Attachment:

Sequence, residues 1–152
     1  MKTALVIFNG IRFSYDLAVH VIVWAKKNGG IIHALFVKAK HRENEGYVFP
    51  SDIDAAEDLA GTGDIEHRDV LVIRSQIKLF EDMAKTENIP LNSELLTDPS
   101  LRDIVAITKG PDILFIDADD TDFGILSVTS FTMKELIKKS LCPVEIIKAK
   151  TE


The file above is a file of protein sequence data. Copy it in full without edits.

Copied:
Sequence, residues 1–152
     1  MKTALVIFNG IRFSYDLAVH VIVWAKKNGG IIHALFVKAK HRENEGYVFP
    51  SDIDAAEDLA GTGDIEHRDV LVIRSQIKLF EDMAKTENIP LNSELLTDPS
   101  LRDIVAITKG PDILFIDADD TDFGILSVTS FTMKELIKKS LCPVEIIKAK
   151  TE